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roughly 50 -- or sort of orange dots, the middle ones are roughly 50% slave. so there it is. here's the world, okay. we have lots of slaves. and you have to remember virginia is the heart of slavery. the cotton expansion is happening and the cotton boom is happening and the biggest plantations which had been in south carolina are going to move to places like mississippi and alabama. mississippi more than alabama. louisiana and mississippi. these -- these plantations don't ever change the fact virginia is the largest slave holding state in the country in 1860. right? virginia's gotten an enormous slave population. well, if you're going to start a rebellion you need to know something about the demographics. what are the demographics in virginia? in virginia whites outnumber slaves 3-2.
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not propitious for slaverable. never is an okay answer. haiti, haiti is full credit. it doesn't happen. it's very hard for a slave revoer revolt to succeed in history. is it going to succeed in virginia, 4-2? that's going to be really tough. what about southampton county? southampton county actually has more slaves than whites. so it's not, you know, like the high school we're going to revolt and take over this thing. although that would be sort of cool, i think. i don't know. no, i mean it's -- there are a lot of slaves in southampton county. there's a lot of slaves in southampton county. i also want to go back to the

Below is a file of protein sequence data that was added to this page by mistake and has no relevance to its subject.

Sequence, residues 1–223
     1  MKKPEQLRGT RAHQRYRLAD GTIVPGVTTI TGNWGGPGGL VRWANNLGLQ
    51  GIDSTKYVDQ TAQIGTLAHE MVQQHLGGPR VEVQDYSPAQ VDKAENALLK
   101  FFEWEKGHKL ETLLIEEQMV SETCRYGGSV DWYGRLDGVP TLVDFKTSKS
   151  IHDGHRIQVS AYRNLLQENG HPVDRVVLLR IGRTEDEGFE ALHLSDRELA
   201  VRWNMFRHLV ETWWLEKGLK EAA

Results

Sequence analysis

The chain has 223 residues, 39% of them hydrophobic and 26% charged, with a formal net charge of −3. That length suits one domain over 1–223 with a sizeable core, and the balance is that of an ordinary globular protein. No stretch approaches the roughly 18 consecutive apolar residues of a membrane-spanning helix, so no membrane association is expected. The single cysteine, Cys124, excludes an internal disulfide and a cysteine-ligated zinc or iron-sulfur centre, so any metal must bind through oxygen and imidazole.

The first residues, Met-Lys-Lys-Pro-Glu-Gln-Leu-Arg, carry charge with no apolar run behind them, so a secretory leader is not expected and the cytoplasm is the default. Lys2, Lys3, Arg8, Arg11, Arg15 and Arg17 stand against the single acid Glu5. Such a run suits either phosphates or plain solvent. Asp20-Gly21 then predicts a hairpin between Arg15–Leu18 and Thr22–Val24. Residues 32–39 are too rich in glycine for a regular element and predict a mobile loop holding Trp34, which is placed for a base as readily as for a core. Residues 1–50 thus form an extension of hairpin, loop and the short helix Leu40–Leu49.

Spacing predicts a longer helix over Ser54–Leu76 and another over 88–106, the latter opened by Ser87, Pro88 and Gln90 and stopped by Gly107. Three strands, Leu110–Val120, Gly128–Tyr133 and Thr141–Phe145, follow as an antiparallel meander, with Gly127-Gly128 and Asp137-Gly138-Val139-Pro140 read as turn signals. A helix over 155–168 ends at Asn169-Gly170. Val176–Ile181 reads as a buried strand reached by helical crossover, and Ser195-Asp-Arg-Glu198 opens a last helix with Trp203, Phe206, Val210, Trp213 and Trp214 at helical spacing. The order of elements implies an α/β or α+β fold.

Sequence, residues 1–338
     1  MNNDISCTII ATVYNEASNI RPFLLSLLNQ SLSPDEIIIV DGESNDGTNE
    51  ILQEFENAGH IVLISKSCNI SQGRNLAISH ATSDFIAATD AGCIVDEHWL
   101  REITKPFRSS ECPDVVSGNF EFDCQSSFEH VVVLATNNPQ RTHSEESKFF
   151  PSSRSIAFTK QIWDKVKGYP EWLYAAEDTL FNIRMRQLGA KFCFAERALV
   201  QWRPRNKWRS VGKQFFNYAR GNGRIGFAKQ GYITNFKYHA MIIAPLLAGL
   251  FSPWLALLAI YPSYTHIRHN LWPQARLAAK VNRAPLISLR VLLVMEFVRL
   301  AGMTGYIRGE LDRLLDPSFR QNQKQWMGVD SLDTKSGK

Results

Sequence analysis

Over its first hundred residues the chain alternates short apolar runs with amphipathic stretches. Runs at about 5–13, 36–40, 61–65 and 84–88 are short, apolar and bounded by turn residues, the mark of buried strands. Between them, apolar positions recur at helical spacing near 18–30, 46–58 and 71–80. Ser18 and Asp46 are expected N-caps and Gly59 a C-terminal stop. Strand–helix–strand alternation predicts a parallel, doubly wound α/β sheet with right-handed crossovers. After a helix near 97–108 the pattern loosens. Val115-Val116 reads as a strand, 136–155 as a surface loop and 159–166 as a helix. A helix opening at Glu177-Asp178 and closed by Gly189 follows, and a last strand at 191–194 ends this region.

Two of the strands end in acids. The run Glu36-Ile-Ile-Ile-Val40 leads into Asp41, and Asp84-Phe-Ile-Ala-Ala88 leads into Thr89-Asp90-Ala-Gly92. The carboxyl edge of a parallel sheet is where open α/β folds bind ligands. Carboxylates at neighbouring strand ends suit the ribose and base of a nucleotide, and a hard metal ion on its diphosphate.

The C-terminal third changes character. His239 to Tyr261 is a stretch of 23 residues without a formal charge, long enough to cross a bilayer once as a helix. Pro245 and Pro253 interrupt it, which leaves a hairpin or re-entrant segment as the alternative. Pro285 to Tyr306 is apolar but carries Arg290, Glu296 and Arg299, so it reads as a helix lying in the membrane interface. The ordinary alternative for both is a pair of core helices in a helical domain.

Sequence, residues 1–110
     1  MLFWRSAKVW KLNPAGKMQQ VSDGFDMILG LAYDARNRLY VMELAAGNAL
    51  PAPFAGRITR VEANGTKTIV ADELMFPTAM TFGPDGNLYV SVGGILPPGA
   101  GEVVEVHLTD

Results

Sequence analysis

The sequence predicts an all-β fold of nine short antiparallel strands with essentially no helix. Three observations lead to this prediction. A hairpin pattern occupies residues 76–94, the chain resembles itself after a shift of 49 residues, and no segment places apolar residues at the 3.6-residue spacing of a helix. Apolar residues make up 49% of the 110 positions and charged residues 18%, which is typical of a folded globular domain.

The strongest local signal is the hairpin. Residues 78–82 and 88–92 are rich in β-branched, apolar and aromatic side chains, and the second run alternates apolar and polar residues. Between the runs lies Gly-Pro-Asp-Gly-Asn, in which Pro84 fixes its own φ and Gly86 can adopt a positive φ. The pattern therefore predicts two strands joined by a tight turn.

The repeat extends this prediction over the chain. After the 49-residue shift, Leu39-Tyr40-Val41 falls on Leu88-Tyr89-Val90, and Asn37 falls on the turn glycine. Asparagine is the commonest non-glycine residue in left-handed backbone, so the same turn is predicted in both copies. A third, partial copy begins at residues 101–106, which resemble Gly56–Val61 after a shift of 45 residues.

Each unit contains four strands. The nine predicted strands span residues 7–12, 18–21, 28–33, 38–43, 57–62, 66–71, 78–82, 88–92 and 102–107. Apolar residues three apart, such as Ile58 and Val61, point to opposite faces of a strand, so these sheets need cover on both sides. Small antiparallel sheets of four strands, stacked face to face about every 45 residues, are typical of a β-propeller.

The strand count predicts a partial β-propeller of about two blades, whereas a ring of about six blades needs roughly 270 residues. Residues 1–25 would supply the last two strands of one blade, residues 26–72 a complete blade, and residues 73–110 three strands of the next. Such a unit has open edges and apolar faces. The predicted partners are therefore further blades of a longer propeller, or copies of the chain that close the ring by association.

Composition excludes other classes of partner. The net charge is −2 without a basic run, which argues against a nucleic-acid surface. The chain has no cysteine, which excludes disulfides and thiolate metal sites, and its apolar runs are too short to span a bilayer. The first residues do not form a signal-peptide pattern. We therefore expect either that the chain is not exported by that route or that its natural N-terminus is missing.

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map of this cotton production. in 1820 you'll see the cotton production -- actually this map shows the slight cotton production extends up into southampton county which is true. it does. the slight cotton production in southampton county we know where the slave production is going. it's going to go along the black belt, the mississippi river. this is also going to play an important role in the revolt. well, we're going to see the shift of the slave population basically from the coast which is where it is in the 1830 map to the mississippi river area. that's without -- without taking the slave population away from the -- from virginia. vurng still has its slave population. it's just the growth of the slave population happens in the west. i mean, important thing and thing you can't see, what's the number of slaves in the country